Lionel Messi may not save MLS but he can have a lasting impact on football in America

Argentine star confirmed this week that he will join Inter Miami when his PSG contract expires this month

Lionel Messi may be 35 years old but having led Argentina to World Cup glory just six months ago, he still remains one of the best players in the world. PA
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Lionel Messi shocked many when he announced he would be signing with Major League Soccer's Inter Miami when he leaves Paris Saint-Germain at the end of this month.

MLS, the top-tier in professional men’s football in the United States, began in 1996 but has long struggled to find the same success as other leading leagues around the world, such as England’s Premier League or Spain’s La Liga.

While MLS has had its share of big-name signings over the years – David Beckham, Thierry Henry, Zlatan Ibrahimovic, Gareth Bale, Wayne Rooney and Steven Gerrard have all had stints Stateside – Messi is undoubtedly the biggest.

So while all eyes will be tuned into MLS next season when the Argentine superstar makes his debut for Inter Miami, will this be enough to finally grow the league into what it has always hoped to be?

Growing up in the US, I could always see how MLS struggled to draw in fans. I still remember watching Taylor Twellman and the New England Revolution play in a half-full Gillette Stadium with plenty of visible empty seats. It looked a bit depressing compared to when the New England Patriots would play to their sell-out crowds in the NFL.

I should preface all this by saying that I grew up in small town in western Massachusetts where “soccer” is our sport. Unlike other American high schools that focus on American football or baseball, thanks to our large Portuguese community, both the boys’ and girls’ football teams were not only the most successful but also the most popular.

Most children are even taught to play the sport at a young age, regardless of whether they want to continue when they get older.

But even my own football-loving classmates had more of a preference for teams and players abroad rather than the home team just a couple of hours away. I’d see more Luis Figo and Iker Casillas jerseys than I would of anything related to MLS.

While I’m sure there will be initial interest in Messi’s arrival to Inter Miami, I’m not sure if it will be enough to get football fans to suddenly start watching more of the league long-term.

And to suddenly pit hopes that Messi can be the one to single-handedly turn it all around seems unfair. Yes, Messi is an elite player, but he also needs to have some elite competition to really make things interesting and, at the moment, it's questionable whether that exists.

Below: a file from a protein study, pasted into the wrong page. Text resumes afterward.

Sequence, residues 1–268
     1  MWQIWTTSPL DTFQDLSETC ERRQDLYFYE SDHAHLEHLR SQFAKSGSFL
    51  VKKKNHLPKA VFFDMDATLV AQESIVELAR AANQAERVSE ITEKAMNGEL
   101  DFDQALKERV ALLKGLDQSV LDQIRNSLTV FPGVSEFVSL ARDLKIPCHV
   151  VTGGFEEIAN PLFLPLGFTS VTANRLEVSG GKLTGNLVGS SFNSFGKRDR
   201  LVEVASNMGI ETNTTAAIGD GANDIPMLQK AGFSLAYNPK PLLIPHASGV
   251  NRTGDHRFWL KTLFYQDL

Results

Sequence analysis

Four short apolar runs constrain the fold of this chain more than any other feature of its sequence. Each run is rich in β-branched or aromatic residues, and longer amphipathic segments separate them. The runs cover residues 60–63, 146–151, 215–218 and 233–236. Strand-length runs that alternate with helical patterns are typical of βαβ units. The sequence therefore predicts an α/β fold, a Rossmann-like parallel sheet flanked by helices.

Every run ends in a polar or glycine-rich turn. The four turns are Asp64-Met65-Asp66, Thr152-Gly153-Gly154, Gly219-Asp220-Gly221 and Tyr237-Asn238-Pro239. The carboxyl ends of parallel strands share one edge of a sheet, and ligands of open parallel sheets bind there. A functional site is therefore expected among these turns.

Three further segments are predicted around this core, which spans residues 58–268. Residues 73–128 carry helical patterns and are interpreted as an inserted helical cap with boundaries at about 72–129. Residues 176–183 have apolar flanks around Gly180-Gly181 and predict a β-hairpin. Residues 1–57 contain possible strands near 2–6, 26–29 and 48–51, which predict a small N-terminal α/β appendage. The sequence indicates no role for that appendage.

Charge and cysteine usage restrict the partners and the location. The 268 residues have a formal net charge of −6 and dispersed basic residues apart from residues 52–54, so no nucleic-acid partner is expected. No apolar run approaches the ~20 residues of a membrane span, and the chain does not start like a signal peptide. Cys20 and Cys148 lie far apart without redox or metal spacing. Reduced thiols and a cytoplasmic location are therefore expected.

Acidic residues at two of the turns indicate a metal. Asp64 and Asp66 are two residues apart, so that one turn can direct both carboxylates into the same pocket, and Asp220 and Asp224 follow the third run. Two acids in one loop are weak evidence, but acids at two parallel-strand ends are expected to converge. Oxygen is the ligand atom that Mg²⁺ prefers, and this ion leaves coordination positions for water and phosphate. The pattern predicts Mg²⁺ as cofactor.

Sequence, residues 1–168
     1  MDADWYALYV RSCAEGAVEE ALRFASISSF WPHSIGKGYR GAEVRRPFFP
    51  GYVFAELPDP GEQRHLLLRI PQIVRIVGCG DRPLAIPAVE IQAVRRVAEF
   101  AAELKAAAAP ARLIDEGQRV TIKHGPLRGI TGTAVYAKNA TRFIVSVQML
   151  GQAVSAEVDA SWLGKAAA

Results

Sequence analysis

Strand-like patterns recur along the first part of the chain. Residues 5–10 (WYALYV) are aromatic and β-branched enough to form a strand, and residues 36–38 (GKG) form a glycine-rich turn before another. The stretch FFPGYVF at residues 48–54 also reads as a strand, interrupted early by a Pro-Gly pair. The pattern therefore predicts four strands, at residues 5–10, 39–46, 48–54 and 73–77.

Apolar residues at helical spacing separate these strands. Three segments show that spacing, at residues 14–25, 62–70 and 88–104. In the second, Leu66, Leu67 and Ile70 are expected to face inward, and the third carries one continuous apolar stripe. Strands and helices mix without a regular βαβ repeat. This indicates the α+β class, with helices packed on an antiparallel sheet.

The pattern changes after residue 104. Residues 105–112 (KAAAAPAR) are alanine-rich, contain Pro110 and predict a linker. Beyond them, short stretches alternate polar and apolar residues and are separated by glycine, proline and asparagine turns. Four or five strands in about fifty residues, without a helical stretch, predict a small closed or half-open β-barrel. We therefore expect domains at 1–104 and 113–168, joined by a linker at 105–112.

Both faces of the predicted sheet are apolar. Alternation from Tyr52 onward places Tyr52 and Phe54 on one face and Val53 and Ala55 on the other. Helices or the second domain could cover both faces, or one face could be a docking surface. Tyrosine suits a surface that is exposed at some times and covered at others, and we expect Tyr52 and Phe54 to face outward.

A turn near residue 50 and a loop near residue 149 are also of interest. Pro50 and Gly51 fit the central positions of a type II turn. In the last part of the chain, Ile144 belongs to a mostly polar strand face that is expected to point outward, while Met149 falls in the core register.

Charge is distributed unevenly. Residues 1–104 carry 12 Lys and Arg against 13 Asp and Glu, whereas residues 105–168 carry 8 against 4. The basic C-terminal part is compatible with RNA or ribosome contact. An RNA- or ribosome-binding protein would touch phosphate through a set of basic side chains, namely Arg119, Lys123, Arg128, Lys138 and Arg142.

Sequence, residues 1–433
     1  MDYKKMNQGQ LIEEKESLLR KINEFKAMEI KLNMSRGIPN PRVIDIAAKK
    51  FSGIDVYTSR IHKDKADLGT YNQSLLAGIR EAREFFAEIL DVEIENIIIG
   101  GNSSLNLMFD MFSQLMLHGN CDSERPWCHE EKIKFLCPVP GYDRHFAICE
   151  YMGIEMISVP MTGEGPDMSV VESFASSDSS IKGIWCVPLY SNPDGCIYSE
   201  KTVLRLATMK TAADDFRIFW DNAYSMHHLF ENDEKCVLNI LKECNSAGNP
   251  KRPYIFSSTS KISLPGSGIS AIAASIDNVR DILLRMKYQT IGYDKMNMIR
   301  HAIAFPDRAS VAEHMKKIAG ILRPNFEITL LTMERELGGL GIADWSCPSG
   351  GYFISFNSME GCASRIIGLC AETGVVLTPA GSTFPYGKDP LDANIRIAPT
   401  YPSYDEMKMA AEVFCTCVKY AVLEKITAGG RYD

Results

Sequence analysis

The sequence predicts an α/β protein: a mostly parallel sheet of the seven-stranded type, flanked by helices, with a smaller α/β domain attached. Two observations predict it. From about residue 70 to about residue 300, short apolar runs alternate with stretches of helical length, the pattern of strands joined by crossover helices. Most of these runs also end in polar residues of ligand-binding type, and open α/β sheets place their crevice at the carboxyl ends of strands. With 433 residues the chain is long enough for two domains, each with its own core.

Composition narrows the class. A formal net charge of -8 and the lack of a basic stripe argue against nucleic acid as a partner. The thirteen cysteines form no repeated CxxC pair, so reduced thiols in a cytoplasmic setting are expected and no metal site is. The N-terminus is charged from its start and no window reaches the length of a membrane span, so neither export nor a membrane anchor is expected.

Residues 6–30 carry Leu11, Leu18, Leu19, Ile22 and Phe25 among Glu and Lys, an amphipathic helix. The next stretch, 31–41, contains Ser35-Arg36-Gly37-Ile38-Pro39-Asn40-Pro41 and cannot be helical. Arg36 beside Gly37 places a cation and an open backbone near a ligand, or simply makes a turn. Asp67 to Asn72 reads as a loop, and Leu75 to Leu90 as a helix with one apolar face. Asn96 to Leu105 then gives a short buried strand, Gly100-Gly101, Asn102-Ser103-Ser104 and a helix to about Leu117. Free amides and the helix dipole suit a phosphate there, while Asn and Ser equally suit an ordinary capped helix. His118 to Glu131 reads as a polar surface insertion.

A football fan takes a photograph of a mural of Lionel Messi outside of the Fiorito restaurant in Miami.  AP Photo

Another issue for MLS is that it competes against other major American sports leagues such as the NFL (American football), MLB (baseball), NBA (basketball) and NHL (hockey). However, unlike those leagues – which can boast of being the best in the world for those sports – MLS still has some catching up to do.

Whereas top athletes in their respective field want to compete in the NFL, MLB, NBA or NHL, aspiring football players in America have plenty of choices when it comes to growing their careers, with most usually looking to Europe or Asia. Even some of the best current players on the US men's national team, such as Christian Pulisic who plays for Chelsea, are abroad.

It also doesn’t help that MLS has developed a reputation for being a place ageing stars go to finish off their careers before retiring. However, at 35, while Messi may not be at the peak of his powers any more, his recent World Cup performances in Qatar should prove there’s still plenty left he can give on the field.

Despite all of this, there is also still some hope for MLS but it won't only be the short-term gain.

Perhaps Messi’s biggest legacy won’t be what he does for Inter Miami, but what his time spent in the league will mean for children in the US who get to grow up watching him play through an even closer lens.

Europe has been lucky for decades to have players the calibre of Cristiano Ronaldo and Messi for young children to aspire to. But even when the US has home-grown talent, they tend to leave for other clubs overseas.

Even if Messi's biggest contribution won't be winning the MLS Cup or setting records, but instead helping grow the game so that future superstars will want to play in the US instead of going abroad, maybe this could be considered the greatest long-term payoff for MLS.

Updated: June 08, 2023, 12:18 PM